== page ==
John Logan’s Tony Award-winning play Red gets its local premiere in a sure-handed production by Philadelphia Theatre Company.
The play takes place from 1958-1960 inside the New York City studio of famed artist Mark Rothko (a commanding Stephen Rowe). One of the world’s leading painters, the cantankerous and egocentric Rothko receives a huge commission to paint a series of murals for a fancy restaurant catering to Manhattan’s elite. To help with the more menial tasks (mixing paint, smoothing canvas, fetching coffee, etc.), he hires a young, eager art school student named Ken (Academy Award-nominee Haley Joel Osment, who 11 years earlier seriously spooked Philadelphians in M. Night Shyamalan’s thriller The Sixth Sense).
Both Osment and Rowe are excellent, but there’s a problem. While we see and hear a lot about the artist’s creative process, we never feel the intensity of the paintings. The play intellectualizes Rothko’s work but we never connect with it on a visceral level.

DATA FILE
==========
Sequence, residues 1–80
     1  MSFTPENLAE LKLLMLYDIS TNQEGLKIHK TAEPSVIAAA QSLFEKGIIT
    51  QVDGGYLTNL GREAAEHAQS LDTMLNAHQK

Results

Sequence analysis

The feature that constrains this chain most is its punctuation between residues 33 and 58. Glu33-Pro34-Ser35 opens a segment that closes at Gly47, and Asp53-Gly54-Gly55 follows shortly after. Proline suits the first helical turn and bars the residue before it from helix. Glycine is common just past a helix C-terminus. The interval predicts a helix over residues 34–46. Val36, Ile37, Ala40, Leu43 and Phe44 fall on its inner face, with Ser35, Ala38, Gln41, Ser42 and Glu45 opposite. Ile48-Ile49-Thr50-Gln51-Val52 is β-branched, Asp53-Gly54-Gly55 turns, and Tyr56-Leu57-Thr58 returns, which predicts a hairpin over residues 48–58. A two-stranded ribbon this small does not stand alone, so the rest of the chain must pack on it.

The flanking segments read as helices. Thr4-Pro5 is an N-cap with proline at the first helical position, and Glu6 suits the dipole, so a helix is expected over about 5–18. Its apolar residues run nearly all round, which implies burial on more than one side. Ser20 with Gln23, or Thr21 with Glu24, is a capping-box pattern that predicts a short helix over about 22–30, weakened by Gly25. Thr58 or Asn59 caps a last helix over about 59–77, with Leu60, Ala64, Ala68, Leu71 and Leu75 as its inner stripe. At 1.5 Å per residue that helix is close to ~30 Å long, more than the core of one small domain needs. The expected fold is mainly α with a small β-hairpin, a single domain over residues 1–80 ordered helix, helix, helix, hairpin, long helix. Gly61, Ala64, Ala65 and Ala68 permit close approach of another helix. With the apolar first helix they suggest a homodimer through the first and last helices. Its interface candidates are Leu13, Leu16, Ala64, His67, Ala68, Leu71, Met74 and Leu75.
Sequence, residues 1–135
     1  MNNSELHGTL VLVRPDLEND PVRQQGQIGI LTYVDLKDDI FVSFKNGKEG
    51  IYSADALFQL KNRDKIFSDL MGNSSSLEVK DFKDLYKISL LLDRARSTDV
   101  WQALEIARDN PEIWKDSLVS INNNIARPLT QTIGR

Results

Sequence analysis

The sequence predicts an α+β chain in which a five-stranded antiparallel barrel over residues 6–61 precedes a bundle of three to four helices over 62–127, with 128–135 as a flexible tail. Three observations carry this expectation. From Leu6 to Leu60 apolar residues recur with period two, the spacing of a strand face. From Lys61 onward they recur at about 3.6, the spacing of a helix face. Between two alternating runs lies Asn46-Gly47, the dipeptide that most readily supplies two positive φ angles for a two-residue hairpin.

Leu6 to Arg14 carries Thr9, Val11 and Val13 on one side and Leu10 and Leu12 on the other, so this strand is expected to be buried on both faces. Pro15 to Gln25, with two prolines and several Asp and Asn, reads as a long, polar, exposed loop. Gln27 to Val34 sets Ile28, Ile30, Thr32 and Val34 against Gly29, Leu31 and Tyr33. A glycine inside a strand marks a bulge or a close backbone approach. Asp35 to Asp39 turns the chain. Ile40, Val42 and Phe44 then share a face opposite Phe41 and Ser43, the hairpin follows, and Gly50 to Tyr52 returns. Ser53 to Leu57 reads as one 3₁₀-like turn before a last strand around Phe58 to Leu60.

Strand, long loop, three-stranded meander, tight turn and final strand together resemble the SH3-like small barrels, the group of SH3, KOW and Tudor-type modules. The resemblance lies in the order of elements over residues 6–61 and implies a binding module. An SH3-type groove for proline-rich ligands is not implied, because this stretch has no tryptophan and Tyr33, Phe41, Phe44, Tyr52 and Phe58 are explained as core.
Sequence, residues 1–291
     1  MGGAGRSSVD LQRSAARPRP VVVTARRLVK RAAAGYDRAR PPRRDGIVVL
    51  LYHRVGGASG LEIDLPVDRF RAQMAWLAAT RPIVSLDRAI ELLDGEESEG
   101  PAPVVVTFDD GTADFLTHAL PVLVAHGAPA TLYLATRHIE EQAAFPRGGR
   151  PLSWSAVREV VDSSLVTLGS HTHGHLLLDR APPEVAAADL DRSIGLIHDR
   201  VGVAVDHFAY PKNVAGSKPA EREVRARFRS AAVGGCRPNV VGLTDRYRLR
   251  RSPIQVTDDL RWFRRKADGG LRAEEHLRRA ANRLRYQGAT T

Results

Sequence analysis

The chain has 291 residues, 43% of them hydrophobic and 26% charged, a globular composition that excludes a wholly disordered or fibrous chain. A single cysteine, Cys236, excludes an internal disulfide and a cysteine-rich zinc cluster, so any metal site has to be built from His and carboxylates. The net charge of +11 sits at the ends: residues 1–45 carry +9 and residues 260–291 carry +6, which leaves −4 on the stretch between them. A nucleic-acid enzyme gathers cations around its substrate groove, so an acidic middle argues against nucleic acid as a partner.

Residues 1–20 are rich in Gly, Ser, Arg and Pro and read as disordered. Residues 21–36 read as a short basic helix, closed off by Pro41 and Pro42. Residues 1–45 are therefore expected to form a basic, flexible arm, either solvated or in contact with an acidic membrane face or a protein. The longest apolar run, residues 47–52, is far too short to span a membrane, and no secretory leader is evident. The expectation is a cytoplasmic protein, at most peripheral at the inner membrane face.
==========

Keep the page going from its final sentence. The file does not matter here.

This isn’t to say that Red doesn’t touch us at all. Ken moves us with his memory of a horrific event that occurred when he was a child. The focus may be on Rothko’s work, but it’s Ken’s chilling tale that leads us to fully appreciate the emotional force that form and color can possess.
Director Anders Cato’s production emphasizes the similarities between the artist’s approach to painting and theater, which likewise requires an audience to bring the work to life. Rothko’s art may remain abstract, but with Cato’s insightful direction and the talents of Rowe and Osment, we have no problem relating to Ken and Rothko as human beings who—like ourselves—are in need of understanding and validation.
Through Nov. 13. $25-$59. Suzanne Roberts Theatre, Broad and Lombard sts. 215.985.0420. philadelphiatheatrecompany.org